- Healthy diet. Choosing healthy foods in appropriate quantities.
- Positive attitude. In case of depression, seek help from a doctor or diabetic association.
- If you feel unwell, seek medical advice.
- Join support groups.
Coprinus Comatus is a medicinal fungus regulating blood sugar levels by about 40%. Because it belongs to medicinal mushrooms, it controls blood sugar by regulating it, raising those with low levels, and lowering blood sugar levels for those with elevated levels. Coprinus Comatus acts on sugar indirectly, not treating the symptoms but healing the islets of Langerhans on the pancreas, which are responsible for the production and regulation of insulin levels in the blood. You can use it along with other diabetes medications.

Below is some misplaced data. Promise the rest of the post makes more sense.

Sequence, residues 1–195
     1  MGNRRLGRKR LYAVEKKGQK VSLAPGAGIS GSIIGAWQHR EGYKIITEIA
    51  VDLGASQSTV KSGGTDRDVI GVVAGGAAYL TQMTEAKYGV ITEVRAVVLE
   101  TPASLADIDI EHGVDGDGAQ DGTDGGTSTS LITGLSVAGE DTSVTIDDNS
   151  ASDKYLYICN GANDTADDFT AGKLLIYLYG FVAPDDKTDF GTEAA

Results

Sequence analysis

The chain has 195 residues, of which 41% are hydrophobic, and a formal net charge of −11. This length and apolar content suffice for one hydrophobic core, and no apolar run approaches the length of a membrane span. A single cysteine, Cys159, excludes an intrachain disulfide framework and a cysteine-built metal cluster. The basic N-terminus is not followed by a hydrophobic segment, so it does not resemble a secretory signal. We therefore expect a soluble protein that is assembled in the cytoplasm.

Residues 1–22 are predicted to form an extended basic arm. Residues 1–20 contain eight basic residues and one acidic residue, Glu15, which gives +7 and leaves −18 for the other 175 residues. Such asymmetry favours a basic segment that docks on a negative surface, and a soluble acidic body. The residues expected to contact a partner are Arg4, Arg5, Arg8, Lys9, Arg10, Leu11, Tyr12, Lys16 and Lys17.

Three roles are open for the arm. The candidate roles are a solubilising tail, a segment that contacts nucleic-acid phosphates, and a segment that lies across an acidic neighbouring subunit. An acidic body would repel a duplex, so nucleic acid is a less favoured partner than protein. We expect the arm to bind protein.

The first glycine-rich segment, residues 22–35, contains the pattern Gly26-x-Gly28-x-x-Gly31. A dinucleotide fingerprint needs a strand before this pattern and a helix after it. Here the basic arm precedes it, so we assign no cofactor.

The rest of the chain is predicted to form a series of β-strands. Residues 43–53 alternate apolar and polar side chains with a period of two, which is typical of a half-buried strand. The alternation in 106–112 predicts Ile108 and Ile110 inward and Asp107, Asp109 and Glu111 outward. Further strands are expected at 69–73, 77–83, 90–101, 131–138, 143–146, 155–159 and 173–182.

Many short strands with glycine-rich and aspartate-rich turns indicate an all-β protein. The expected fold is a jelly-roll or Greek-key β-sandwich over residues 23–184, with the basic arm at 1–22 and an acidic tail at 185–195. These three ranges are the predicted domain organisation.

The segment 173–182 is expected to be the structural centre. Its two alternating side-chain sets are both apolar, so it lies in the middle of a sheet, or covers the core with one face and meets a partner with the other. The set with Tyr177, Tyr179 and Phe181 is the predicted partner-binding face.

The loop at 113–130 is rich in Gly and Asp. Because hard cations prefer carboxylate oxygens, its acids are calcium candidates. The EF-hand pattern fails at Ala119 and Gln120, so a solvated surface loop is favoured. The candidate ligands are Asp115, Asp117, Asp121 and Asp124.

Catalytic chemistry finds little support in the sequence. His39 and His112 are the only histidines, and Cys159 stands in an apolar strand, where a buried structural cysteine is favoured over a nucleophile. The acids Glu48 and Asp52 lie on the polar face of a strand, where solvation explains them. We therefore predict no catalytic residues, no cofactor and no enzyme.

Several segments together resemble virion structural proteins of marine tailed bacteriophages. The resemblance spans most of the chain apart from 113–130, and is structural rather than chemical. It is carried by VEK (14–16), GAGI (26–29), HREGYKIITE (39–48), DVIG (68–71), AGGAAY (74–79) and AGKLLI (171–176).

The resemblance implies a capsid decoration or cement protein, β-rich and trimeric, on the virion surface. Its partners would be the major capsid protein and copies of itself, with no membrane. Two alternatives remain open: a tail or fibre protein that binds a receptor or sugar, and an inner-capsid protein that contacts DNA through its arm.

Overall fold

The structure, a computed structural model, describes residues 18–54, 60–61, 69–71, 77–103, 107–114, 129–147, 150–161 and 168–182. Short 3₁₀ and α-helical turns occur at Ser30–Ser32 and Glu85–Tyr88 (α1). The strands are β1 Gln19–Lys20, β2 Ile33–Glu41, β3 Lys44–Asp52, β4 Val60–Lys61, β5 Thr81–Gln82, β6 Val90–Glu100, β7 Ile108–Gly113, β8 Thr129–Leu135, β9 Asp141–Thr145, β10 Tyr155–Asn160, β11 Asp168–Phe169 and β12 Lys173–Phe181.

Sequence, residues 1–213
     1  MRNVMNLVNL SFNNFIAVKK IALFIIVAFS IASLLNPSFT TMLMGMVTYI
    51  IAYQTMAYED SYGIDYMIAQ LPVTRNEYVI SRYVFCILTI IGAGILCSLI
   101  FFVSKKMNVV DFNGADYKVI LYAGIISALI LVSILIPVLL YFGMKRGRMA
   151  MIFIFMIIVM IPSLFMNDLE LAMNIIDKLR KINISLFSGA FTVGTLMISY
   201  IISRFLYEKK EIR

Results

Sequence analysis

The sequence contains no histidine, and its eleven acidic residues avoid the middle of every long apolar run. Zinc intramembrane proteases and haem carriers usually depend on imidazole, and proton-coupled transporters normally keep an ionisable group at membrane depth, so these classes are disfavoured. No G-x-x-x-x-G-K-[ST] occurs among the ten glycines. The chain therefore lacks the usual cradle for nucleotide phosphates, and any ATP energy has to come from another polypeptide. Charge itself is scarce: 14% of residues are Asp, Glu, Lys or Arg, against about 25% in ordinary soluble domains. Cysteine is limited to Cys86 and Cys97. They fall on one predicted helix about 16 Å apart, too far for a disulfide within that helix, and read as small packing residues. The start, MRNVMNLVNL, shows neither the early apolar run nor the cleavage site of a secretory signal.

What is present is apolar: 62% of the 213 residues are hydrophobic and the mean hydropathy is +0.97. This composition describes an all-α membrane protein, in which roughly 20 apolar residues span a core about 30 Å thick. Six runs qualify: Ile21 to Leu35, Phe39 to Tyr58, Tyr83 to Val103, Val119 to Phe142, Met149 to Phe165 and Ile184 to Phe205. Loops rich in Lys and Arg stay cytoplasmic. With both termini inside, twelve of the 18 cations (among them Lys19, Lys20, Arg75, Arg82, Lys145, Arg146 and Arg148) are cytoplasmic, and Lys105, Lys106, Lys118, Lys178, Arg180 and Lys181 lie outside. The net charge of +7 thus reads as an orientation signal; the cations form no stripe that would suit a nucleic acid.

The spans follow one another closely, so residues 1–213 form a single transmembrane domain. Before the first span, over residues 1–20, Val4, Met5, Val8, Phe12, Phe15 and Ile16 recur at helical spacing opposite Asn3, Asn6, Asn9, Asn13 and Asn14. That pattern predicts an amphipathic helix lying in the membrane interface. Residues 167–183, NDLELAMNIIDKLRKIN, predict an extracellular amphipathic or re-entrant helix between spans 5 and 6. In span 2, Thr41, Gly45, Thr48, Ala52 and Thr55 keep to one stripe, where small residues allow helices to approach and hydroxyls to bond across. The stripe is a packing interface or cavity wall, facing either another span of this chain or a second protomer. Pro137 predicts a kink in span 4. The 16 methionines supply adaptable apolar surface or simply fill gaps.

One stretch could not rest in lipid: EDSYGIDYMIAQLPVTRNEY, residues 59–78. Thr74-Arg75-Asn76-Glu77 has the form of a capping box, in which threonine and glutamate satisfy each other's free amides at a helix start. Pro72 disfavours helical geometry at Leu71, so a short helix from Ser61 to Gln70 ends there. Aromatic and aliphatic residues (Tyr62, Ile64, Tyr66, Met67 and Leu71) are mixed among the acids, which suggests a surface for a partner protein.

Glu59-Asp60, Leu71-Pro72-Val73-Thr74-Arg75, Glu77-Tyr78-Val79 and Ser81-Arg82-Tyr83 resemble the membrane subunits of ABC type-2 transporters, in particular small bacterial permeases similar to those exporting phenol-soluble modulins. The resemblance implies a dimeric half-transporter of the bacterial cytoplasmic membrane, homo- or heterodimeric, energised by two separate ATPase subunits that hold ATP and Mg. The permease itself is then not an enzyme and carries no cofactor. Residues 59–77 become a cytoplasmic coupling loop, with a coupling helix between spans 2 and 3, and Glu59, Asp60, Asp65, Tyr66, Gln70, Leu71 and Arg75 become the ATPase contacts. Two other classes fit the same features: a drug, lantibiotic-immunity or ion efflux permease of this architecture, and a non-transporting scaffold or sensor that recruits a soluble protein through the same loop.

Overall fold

How Lifestyle Affects Type 2 Diabetes
Overweight and obesity are significant factors. Especially weight gain around the waist. Important factors include poor physical activity, excessive television watching and sitting at a computer, an unhealthy diet high in fat, sugar, salt, low-fiber foods, and smoking.
People at risk should have a laboratory glucose test to check for diabetes. It is important not to wait for the symptoms to appear, as they can only appear when the blood glucose rises significantly.
Nutrition in diabetes
To help control your diabetes, make sure your meals are regular, low in fat, especially saturated fat. Eat high-fiber carbohydrates such as whole-grain bread and cereals, beans, lentils, vegetables, and fruits.
It is important to balance food intake with energy expenditure. It is important not to overeat.
In addition to a healthy diet, regular physical activity helps maintain blood glucose levels, reduces blood fat (cholesterol and triglycerides), and maintains healthy body weight.